Joint seminar InSync and RITMO: Media, rhythms and synchronization

Program

13.15 - 13.30 Brief presentations of the projects and participants

13.30 - 14.15 Bruno Laeng: Where are the months? Images of circular time in a large online sample

14.25 - 15.10 Lucian Hölscher: Time clotting in temporal figures

15.20 - 16.05 Ragnhild Brøvig-Hanssen: Musical Fragmentation and Dual Time Planes

16.15 - 17.00 Espen Ytreberg: Possible rhythms of mediated national imaginaries

Abstracts

Ragnhild Brøvig-Hanssen: Musical Fragmentation and Dual Time Planes

This paper, which presents work in progress, discusses examples from popular music that embrace the aesthetics of musical fragmentation. I discuss examples from glitch, cut-and-paste, and sample-based music that all deconstruct what Jan Alber (2010) calls “mimetic notions of time.” I argue that the aesthetics of this music to a large extent relies on the listener’s conceptions of two or more simultaneous “time planes”––the experienced now and the actual or imagined past. While processes of naturalization often happen after repeated listening, some aspects of music seem to defy such processes and instead introduce, and cultivate, a feeling of ambiguity regarding unnatural and natural narratives.

 

Lucian Hölscher: Time clotting in temporal figures

In the still ongoing dispute in the human sciences about the nature of time (whether time is inherent in or independent from empirical objects), it seems to be the most productive strategy to think of time in both ways, i.e. in terms of abstract mathematical time (opening the quantitative dimension of temporal measurement) AND in terms of concrete embodied time (opening the qualitative dimension of communication between different temporal structures or “regimes”).  For discussing the relation between these two natures of time several approaches can be applied, including historical, sociological, anthropological and theological approaches. Focussing on the concept of synchronicity our research group prefers pragmatic approaches in all of them, i.e. starting from the hypotheses that time is produced by actions. But in doing so we look for common features, a theoretical framework, for which I propose to elaborate the concept of ‘time figures’: Since time gets a social form only in repetitive actions (rhythms), that constitute social institutions, ‘régimes’ and social and mental conventions, time seems to ‘clot’ in temporal figures, that can be represented in geometrical forms (for example the circle, the arc, the increasing line or departing and approaching arrows). It is our ambition to explore how these time figures ‘behave’, when they are confronted to one another.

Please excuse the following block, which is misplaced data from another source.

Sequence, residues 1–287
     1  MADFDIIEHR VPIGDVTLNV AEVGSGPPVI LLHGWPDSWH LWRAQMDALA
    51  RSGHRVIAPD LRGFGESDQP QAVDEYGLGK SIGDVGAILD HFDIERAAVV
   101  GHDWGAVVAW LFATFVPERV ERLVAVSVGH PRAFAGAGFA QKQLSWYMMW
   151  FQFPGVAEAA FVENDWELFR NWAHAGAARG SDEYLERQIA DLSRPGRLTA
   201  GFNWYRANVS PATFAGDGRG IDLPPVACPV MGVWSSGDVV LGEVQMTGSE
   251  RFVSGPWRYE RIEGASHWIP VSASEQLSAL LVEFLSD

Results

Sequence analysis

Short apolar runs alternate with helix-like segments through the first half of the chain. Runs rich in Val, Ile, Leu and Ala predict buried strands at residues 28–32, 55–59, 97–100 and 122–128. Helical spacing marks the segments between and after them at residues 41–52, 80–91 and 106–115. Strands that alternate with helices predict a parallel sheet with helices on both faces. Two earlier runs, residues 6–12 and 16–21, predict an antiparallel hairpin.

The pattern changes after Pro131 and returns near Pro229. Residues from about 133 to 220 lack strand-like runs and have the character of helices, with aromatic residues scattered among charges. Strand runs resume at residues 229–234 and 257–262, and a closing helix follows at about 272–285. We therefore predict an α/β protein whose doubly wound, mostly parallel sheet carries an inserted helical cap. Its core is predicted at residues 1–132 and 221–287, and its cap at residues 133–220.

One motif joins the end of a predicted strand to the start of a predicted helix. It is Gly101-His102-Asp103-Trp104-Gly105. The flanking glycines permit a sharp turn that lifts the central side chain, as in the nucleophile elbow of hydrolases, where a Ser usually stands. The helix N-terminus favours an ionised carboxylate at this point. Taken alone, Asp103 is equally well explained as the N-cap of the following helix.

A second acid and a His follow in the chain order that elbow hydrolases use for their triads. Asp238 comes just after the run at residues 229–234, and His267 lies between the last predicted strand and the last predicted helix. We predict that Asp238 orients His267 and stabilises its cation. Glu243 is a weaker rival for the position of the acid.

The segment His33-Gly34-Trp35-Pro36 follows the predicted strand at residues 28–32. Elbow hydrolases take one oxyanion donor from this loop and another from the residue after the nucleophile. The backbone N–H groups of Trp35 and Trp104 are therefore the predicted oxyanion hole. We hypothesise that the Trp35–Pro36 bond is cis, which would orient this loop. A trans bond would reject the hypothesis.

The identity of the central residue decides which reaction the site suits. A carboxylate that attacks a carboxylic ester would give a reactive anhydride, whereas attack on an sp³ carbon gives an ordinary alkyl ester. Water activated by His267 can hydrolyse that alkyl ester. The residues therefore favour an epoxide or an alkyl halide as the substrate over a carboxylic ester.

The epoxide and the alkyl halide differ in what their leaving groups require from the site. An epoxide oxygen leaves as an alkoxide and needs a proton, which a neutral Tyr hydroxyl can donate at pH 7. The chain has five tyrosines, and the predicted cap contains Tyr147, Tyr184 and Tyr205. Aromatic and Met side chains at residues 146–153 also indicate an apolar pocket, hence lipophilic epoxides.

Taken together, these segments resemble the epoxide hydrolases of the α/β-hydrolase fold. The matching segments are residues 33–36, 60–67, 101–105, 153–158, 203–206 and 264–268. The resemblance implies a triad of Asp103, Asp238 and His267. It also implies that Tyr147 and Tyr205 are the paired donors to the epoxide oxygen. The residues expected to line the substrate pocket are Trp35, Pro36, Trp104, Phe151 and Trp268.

Bruno Laeng: Where are the months? Images of circular time in a large online sample

People appear to think about time by mentally imaging it in some spatial form,br or as 'spacetime'. In an online survey, 76,922 Norwegian individuals positioned two dots corresponding to the months of December and March on what they imagined to be their appropriate places on a circle. Of these, 39,797 respondents continued to fill out an online questionnaire probing their mental images related to the ‘year’ concept and 75% of them “saw” the months unfolding in a clockwise direction versus 19% in a counter clockwise fashion.  A majority (70%) spontaneously imagined the year as a ‘circle’, but the rest as other shapes (e.g., ellipses and spirals, lines and squares, idiosyncratic or synaesthetic spatial forms). Thus, some spatial models may be preferred when thinking about time in a specific way: when time is conceived as a process with an abrupt beginning and an irrevocable end, a mental line may work best; when thinking about temporal events as recursive or eternally returning, the right form of image seem to be a ring, wheel, or circle.

 

Espen Ytreberg: Possible rhythms of mediated national imaginaries

Nations require a sense of simultaneity: this argument has been perhaps the most influential case of a temporal category being recruited to explain the formation and continuation of collectivities on a societal macro-scale. A rough gloss on the argument would be to say that the sense of belonging to something like a nation has depended historically on an experience of presence in absence. Citizens scattered across the land have felt themselves to be part of one nation because they are audiences experiencing the same media output together. In media and cultural theory, several media have been recruited in the role of national unifier: In particular, print media have been linked by Benedict Anderson to the rise of national imagined communities in the 18th and 19th centuries.

In the presentation I want to examine the link between simultaneity and nation, using Anderson's Imaginary Communities as a starting point. I will argue that his approach, although highly suggestive, is also analytically rather provisional and - most importantly - highly synchronically oriented. It hinges on a notion of the "meanwhile" that is a "bridge across time", understood as a shared moment that is simultaneous, and that becomes instantaneous with live broadcasting. It seems to me that mediated national imaginaries also have diachronic dimensions, and I want provisionally to explore these as having rhythmic properties. Put differently, the ambition is to explore both synchronic and diachronic/rhythmic elements of mediated synchronisation.

 

Published Apr. 5, 2019 2:19 PM - Last modified May 9, 2019 9:07 PM